People from all over the world enjoy the outdoors in a multitude of ways, from hiking, to skiing, to mountain biking. People participate in these activities for many reasons. One common motive includes wanting to enjoy healthy natural spaces. But in the pursuit of this enjoyment, a question arises; is recreationists’ love for the environment destroying the environment that they love?
Undoubtedly, spending time in nature fosters a love for the environment, which, according to a study by Pennsylvania State University, often translates into an increase of environmentally conscious actions. Nature camps, environmental education efforts, and general time spent outside allow people to experience the benefits and beauty of nature and push them to consider their own environmental impacts. However, the question remains whether these benefits counterbalance the environmental harms caused by outdoor recreation.
While they exist on a sliding scale, all forms of recreation have some level of impact on the environment. The ever-popular sport of downhill skiing is often vilified as one of the most harmful recreational activities for the environment. Research has shown that skiing and ski resorts contribute to the devastation of native flora and fauna and add to water pollution. Yet, as demonstrated by a study conducted in Australia, even the least intrusive recreational activities— hiking and camping—often lead to soil loss and water pollution which degrades ecosystems. There is no escaping the fact that widespread recreation will have negative effects on the environment.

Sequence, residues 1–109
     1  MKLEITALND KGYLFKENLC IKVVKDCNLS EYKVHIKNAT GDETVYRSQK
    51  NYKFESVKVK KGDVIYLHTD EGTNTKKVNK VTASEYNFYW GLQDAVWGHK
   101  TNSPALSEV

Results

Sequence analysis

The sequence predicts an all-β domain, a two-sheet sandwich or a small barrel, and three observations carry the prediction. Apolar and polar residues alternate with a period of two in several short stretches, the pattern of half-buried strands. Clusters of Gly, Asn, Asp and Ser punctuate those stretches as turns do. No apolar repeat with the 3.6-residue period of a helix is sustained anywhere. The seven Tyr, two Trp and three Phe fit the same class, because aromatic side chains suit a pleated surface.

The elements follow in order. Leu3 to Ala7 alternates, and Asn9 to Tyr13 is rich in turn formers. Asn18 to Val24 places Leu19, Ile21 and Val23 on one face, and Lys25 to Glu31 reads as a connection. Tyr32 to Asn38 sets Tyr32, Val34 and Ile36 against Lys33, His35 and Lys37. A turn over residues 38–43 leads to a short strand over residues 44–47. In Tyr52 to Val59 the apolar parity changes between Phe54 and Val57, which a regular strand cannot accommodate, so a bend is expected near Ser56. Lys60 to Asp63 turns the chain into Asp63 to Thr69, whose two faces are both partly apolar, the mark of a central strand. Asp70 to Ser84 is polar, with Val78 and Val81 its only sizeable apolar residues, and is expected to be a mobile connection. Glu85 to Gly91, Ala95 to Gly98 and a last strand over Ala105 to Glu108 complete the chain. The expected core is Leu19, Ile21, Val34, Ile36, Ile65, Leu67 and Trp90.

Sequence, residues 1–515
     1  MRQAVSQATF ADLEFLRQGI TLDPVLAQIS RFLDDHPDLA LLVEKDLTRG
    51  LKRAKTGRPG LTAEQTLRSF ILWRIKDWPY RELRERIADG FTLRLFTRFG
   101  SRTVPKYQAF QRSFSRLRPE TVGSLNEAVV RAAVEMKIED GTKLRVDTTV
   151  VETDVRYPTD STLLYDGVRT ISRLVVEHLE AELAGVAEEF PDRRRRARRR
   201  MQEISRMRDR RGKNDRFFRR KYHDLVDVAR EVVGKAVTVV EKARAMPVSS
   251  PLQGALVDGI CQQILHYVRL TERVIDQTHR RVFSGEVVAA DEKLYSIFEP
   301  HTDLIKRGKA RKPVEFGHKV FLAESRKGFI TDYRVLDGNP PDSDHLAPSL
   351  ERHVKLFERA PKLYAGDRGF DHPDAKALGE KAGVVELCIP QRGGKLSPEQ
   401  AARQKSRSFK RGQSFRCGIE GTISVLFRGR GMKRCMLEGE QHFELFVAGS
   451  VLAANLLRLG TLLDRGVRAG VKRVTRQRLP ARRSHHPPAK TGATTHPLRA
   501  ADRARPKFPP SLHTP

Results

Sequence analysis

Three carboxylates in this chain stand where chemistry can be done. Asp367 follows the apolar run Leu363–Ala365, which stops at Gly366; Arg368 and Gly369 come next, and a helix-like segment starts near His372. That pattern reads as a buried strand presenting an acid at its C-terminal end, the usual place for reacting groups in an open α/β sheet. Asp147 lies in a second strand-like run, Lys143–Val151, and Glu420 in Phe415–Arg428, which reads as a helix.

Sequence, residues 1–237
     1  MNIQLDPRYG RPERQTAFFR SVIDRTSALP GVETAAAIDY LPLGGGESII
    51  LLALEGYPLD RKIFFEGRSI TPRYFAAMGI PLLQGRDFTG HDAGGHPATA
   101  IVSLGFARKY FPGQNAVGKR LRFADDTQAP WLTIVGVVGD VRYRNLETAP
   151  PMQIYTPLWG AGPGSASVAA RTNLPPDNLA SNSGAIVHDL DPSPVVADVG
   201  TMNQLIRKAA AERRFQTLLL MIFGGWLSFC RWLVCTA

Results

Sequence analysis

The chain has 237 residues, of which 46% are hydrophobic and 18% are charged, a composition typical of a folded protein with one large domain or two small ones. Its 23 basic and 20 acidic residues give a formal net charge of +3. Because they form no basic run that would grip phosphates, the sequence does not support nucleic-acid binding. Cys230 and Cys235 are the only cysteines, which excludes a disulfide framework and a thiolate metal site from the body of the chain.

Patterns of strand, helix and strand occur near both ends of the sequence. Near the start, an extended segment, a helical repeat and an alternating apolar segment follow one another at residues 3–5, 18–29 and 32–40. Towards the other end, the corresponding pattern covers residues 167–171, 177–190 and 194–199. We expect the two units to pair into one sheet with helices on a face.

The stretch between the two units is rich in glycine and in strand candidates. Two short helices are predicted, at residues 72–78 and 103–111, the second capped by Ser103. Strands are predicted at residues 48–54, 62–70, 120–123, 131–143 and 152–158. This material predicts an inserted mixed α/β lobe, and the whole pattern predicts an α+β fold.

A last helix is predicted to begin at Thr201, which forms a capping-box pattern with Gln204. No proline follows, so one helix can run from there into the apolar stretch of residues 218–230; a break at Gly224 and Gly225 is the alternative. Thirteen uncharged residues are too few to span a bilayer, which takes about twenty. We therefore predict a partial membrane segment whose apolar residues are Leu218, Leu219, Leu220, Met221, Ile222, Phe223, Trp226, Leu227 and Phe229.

In recent decades, the popularity of outdoor recreation and environmental tourism have greatly increased and governments, institutions, and universities have been quick to catch on. All of these groups have been keen to capitalize on the popularity of recreation. However, without the proper education and management, the environment can suffer major losses.
This is where governments, businesses, and others looking to support outdoor recreation have a crucial role to play. There is a huge potential for these groups to manage recreation carefully and to promote environmental conscientiousness.
Some groups have already begun to take steps in this direction. Okemo Mountain Resort in Vermont, for instance, has been buying renewable energy for their three popular ski areas in order to lessen their environmental impact. The New Zealand government is also a good example of an institution working to educate people about the impacts of outdoor recreation. At the majority of parks, public beaches, and other areas of outdoor recreation in New Zealand, the government has placed signs providing information on the native flora and fauna and the risks that people pose to them.
These efforts are an important starting place for recreational promoters to balance the harms of recreation. However, it is also crucial that individuals recognize their personal role in environmental degradation. Often, outdoor enthusiasts are blind to their own impact on the environment; if everyone wants to continue enjoying the outdoors, each person must take responsibility for their own actions. This is not to say that recreation should be stopped, simply that it has a larger impact on the environment than many are conscious of and that lack of knowledge is something that needs to change.